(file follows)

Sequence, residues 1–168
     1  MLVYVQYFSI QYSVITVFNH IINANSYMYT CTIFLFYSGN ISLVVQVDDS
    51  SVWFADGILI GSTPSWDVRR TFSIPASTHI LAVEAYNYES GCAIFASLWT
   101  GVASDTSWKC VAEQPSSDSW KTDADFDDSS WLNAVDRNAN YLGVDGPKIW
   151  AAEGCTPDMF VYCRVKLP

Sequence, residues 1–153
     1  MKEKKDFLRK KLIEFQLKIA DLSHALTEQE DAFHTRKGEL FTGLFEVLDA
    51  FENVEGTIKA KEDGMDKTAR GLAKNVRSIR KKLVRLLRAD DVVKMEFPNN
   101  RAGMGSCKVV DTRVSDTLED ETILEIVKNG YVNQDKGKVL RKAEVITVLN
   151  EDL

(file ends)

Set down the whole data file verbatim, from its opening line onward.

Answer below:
Sequence, residues 1–168
     1  MLVYVQYFSI QYSVITVFNH IINANSYMYT CTIFLFYSGN ISLVVQVDDS
    51  SVWFADGILI GSTPSWDVRR TFSIPASTHI LAVEAYNYES GCAIFASLWT
   101  GVASDTSWKC VAEQPSSDSW KTDADFDDSS WLNAVDRNAN YLGVDGPKIW
   151  AAEGCTPDMF VYCRVKLP

Sequence, residues 1–153
     1  MKEKKDFLRK KLIEFQLKIA DLSHALTEQE DAFHTRKGEL FTGLFEVLDA
    51  FENVEGTIKA KEDGMDKTAR GLAKNVRSIR KKLVRLLRAD DVVKMEFPNN
   101  RAGMGSCKVV DTRVSDTLED ETILEIVKNG YVNQDKGKVL RKAEVITVLN
   151  EDL